“Kingsman: The Golden Circle”: a golden movie but a silver sequel


“Kinsman: The Golden Circle” was a great movie, almost as good as the first Kingsman movie.

“Kingsman: The Secret Service” was the surprise hit of 2015, making 414.4 million dollars total in the box office worldwide and was the second highest grossing movie the weekend it premiered – only topped by “Fifty Shades of Grey”. The first movie set high standards for the highly anticipated sequel “Kingsman: The Golden Circle.” The movie is known for a mix of intense action scenes, laugh out loud comedy, and over the top villains, all of which live up to its R rating; the sequel is no different.

“Kingsman: The Golden Circle” is set a year after the first movie and starts out fast-paced, jumping right into an action scene. The movie does have its slower moments but overall it was jam-packed. There were more themes, more subplots, more violence, more characters, and overall the movie was a lot more than “The Secret Service.” However, this doesn’t mean it was better than the first movie. It lacked the same smoothness that the first movie carried. The sequel seemed a bit choppy with so much going on, especially with all the different themes and new characters, which the soundtrack tried to combat using recurring themes. 

Some of the beginning action wasn’t surprising since it was revealed in the trailer that the movie starts out with a bombing by the Golden Circle, a drug cartel led by the smart and somewhat psychotic Poppy, portrayed by Julianne Moore. She was a  fun villain to interact with, especially because her taste for extravagance and love for the American dream. She was extremely smart and successful, which almost makes you admire her. Throughout the movie we see Poppy struggle with wanting to become a recognized businesswoman, which is the motivation behind her actions, and this almost makes you feel bad for her- almost being the key word. Poppy’s cruel nature and nonchalant use of violence to get what she wants definitely confirms that she is not a sympathetic or good person but a cold psychotic businesswoman striving for recognition.

The movie covered the sub-theme of America’s drug issue well, especially using Pablo Pascal’s character, Agent Whiskey, to balance out the different sides of the issue. Overall the movie seemed to communicate that genocide is not acceptable and that just because someone does drugs it doesn’t make them a bad person. This theme was highlighted by Emily Watson’s character, the president’s chief of staff. However, the movie still acknowledged the negative effects drugs have had on communities, with Eggsy mentioning that drugs have hurt his community growing up.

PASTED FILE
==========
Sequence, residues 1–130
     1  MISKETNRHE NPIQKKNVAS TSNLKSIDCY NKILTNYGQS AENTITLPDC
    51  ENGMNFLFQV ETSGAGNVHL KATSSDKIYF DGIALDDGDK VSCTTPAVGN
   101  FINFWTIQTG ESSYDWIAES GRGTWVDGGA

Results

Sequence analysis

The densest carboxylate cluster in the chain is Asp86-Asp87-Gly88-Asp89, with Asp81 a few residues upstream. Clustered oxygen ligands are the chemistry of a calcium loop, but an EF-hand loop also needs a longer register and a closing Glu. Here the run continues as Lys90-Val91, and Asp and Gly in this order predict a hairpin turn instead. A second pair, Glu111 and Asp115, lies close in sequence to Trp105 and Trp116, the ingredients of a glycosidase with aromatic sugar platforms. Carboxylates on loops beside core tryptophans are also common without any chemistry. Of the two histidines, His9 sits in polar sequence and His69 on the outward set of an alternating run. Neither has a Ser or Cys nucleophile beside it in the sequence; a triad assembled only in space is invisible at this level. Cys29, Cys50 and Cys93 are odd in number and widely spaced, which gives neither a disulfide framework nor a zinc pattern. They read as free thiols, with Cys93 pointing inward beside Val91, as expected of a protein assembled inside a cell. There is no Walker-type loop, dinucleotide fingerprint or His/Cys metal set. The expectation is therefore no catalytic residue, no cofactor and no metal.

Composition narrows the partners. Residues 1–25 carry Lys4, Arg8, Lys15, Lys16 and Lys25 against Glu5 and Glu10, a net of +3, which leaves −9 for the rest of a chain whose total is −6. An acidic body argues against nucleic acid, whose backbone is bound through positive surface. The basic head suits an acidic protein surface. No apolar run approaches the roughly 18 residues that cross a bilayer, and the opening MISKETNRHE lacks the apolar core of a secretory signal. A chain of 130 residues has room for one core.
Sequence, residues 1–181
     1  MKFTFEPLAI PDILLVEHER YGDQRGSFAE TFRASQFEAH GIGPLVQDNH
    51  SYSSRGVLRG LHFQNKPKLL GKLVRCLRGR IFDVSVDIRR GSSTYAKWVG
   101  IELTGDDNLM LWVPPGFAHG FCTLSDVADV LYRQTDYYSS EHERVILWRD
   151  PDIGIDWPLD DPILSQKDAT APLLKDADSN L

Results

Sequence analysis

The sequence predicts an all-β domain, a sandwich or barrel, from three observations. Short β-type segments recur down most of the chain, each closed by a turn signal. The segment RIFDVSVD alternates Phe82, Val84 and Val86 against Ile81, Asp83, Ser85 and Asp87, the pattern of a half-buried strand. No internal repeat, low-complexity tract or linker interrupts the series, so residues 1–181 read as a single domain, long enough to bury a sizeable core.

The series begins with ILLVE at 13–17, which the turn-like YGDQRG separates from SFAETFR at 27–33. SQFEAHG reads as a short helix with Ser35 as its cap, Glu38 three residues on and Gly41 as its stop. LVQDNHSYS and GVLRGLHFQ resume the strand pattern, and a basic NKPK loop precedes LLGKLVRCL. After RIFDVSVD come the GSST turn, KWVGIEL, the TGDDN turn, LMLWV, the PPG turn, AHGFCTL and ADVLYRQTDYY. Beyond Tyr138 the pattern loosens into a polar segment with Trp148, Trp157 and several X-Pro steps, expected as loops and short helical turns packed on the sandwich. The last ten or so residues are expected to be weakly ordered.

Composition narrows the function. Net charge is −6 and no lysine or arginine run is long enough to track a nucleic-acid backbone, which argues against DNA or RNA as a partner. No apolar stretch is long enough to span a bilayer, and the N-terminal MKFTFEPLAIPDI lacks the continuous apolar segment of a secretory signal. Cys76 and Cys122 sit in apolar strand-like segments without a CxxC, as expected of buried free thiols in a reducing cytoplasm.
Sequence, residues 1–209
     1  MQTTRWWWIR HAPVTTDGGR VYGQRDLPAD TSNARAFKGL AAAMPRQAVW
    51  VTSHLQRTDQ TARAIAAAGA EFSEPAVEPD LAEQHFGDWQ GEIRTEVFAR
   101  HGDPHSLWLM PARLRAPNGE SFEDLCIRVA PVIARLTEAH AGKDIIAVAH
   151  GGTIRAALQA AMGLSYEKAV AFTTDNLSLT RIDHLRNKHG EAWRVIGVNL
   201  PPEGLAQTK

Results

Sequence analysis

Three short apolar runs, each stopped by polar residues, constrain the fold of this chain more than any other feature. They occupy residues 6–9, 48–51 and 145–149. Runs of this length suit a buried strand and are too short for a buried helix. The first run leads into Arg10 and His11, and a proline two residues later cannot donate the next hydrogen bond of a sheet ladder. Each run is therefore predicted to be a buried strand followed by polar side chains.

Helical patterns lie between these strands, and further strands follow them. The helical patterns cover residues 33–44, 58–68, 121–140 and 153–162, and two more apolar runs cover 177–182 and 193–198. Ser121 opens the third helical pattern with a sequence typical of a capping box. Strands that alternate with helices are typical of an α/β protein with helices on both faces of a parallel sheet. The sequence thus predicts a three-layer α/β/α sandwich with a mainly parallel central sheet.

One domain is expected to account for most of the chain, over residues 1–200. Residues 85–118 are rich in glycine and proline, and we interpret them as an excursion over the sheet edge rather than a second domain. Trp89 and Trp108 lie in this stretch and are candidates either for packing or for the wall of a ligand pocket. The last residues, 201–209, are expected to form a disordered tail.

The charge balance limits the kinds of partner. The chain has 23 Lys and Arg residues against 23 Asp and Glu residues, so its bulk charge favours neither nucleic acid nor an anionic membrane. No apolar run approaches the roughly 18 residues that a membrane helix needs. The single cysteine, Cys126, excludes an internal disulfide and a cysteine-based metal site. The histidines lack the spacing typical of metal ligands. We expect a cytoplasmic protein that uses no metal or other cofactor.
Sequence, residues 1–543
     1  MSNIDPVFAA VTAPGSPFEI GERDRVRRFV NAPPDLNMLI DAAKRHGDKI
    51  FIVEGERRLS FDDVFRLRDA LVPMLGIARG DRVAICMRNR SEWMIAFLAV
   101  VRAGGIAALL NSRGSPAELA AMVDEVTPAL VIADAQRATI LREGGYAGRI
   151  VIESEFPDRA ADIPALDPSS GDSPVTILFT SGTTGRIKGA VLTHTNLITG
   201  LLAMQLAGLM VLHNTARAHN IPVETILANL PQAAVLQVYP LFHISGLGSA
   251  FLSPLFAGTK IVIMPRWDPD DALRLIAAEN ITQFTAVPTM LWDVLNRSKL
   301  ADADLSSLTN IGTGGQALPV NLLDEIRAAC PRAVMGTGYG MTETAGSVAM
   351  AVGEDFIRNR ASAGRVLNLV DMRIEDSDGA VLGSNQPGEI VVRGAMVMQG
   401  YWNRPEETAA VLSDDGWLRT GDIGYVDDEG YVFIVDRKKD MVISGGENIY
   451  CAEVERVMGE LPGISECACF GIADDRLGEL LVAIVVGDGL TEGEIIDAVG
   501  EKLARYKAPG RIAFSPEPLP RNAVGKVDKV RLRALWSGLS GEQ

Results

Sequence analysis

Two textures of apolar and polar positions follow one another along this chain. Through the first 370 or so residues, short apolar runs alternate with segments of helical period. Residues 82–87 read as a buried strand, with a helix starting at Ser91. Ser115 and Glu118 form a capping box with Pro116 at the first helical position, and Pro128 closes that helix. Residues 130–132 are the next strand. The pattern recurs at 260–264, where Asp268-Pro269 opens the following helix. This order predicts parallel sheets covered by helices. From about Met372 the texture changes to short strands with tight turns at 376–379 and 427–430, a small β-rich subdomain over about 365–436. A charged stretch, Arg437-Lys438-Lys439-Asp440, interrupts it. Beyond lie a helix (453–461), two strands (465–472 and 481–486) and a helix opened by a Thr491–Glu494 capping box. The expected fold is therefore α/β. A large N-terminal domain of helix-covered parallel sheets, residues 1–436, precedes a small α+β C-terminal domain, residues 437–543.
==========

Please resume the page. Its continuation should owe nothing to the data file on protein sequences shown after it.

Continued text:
Part of the reason “Kingsman: The Secret Service” did so well was the balance of action and emotion mainly with Eggsy and Harry’s father-son relationship. This was something many people, myself included, were looking forward to seeing in the second movie but were left unsatisfied with. After Harry regains his memories, which he lost due to an injury in the first movie, he is much more detached and not just because of medical issues. The way he interacted with Eggsy was colder and the relationship, which was a huge part of the first movie, seemed to not be there by the second half of “The Golden Circle.”

On the other hand, Merlin, the tech mastermind from the first movie, provided a good balance of emotion and action. Mark Strong’s performance of Merlin was some of the best acting in the movie and really helped to carry the overall story. He provided more emotional balance and we got to see even more of the character than we did in the first movie.

The sequel also introduced a lot of new characters as well as a new spy organization, which was my main concern going into the movie because I really favored the Kingsman organization. I’m glad to say that while the introduction of the group, Statesmen, was a bit rough overall, it was done well. I was also hesitant about the casting of Channing Tatum but he ended up not playing as much of a role in the film as advertised and instead I saw a lot more of Halle Berry’s character, Ginger, who I really enjoyed.

Overall “Kingsman: The Golden Circle,” while not as good as the original, did well, making $381,181,364 at the box office worldwide and held the title of the highest grossing movie for two weekends, beating “It” by 10 million dollars opening weekend. Keeping in mind that this is a movie that without a doubt deserves its R rating, I would not recommend it as a family outing, but it definitely makes for a fun weekend with friends. I recommend it to anyone who’s a fan of the first movie or the action-comedy genre.  


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